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Monday, September 21, 2015

"superior to your former self"

Dear all,

Check mark on the first week of the transfer - complete with sending the finishing missionaries home, welcoming the jet lagged new missionaries, a handful of road trips through the gorgeous Erzgebirge mountain range, free Chinese food, a heaven-sent surprise 15 minute conversation with President Kosak, two sleepovers, some really intense lessons with some of our investigators, and much more. 

My dinner break on Friday night found me once again attempting to tackle the task of organizing the chaos of my desk. Under a hundred copies of German "MyFamily" packets, I found a crinkled sticky note that I had written 7 months ago. It was a quote sent to me by my father: "True nobility does not come from being superior to your fellow man; true nobility comes from being superior to your former self." I slowly put my Euro Shop pencils away, sat down on my squeaky swivel chair, put my hair in a knot on top of my head, and thought about what it means to 'be superior to my former self' - how could I know if I was doing that? I thought back on the last few weeks of my time spent in Israel over a year ago- my teachers (my heroes) talked a lot about what it means to be transformed. I remembered Dr. Seely's parting address where he talked about what it really means to be a pilgrim: to go on a journey and return a changed person. To allow our experiences to change our character for the better means to be transformed; to become more holy and more like the Savior and our Father in Heaven.

I concluded that in order to see if I was working on this goal of being superior to my former self, I needed to see if I was actively trying to change. I needed to see if I was allowing my testimony and my experiences to change my behavior and character. The question became: 'Am I a different and better person than I was when I began this journey?' My mind began to replay all of the weaknesses that I feel like I've working on forever and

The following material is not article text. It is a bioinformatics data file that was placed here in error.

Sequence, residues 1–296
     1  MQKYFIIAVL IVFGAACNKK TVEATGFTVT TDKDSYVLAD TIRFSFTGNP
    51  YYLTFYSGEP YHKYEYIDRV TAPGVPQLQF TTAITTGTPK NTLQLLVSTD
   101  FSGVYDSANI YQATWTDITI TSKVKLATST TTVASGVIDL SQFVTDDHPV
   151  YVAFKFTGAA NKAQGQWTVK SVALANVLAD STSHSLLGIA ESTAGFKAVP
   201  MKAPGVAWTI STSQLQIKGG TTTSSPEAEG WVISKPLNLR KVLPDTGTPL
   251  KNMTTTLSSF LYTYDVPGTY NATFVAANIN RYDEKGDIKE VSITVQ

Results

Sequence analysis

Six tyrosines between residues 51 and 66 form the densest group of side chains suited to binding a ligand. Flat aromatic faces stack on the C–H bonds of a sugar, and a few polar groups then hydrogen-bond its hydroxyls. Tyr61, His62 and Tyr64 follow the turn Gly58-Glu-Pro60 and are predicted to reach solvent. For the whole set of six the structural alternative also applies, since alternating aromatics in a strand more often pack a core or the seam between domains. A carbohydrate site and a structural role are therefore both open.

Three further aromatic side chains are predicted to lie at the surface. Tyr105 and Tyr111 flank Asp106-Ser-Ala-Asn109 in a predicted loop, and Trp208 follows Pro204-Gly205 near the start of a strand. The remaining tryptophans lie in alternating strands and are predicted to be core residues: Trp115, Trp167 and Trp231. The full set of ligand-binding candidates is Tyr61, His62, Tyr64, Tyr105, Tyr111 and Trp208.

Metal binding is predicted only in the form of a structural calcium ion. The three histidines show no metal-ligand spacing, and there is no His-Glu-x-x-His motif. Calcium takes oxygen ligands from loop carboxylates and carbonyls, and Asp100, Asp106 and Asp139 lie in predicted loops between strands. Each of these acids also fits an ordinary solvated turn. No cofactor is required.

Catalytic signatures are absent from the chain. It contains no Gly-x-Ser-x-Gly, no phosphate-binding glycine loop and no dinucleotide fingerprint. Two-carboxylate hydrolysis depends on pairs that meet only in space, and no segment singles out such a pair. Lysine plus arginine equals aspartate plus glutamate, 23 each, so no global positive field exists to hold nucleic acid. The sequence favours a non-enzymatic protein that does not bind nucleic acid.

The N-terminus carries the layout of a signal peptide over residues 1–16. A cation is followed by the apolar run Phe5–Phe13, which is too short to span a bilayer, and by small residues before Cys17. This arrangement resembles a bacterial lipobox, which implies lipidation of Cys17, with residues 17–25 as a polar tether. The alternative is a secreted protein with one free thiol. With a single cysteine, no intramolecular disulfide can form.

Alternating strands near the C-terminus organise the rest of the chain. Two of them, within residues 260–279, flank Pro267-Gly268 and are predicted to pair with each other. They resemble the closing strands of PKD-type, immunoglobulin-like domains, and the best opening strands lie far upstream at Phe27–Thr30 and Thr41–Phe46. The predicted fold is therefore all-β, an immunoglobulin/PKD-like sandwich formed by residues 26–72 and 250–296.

somehow they still aren't strengths (Ether 12:27). It was hard to fall asleep that night.

But personal study the next day gave me the strength to tell the adversary to leave me alone. As Nephi declared in 2 Nephi 4: 26-28:

26 O then, if I have seen so great things, if the Lord in his condescension unto the children of men hath visited men in so much mercy, why should my heart weep and my soul linger in the valley of sorrow, and my flesh waste away, and my strength slacken, because of
mine afflictions?

27 And why should I yield to sin, because of my flesh? Yea, why should I give way to temptations, that the evil one have place in my heart to destroy my peace and afflict my soul? Why am I angry because of mine enemy?

28 Awake, my soul! No longer droop in sin. Rejoice, O my heart, and give place no more for the enemy of my soul.

I don't think any of us will ever be as far along the path of perfection as we would like to be, but we need to do our best to change for the better and to have the miracle of Christ's Atonement transform us. We make steps forward as we become "more than conquerors through Him that loved us" and day by day strive to be superior to our former selves. 

Liebe Grüße, 
Sister Grace Allison

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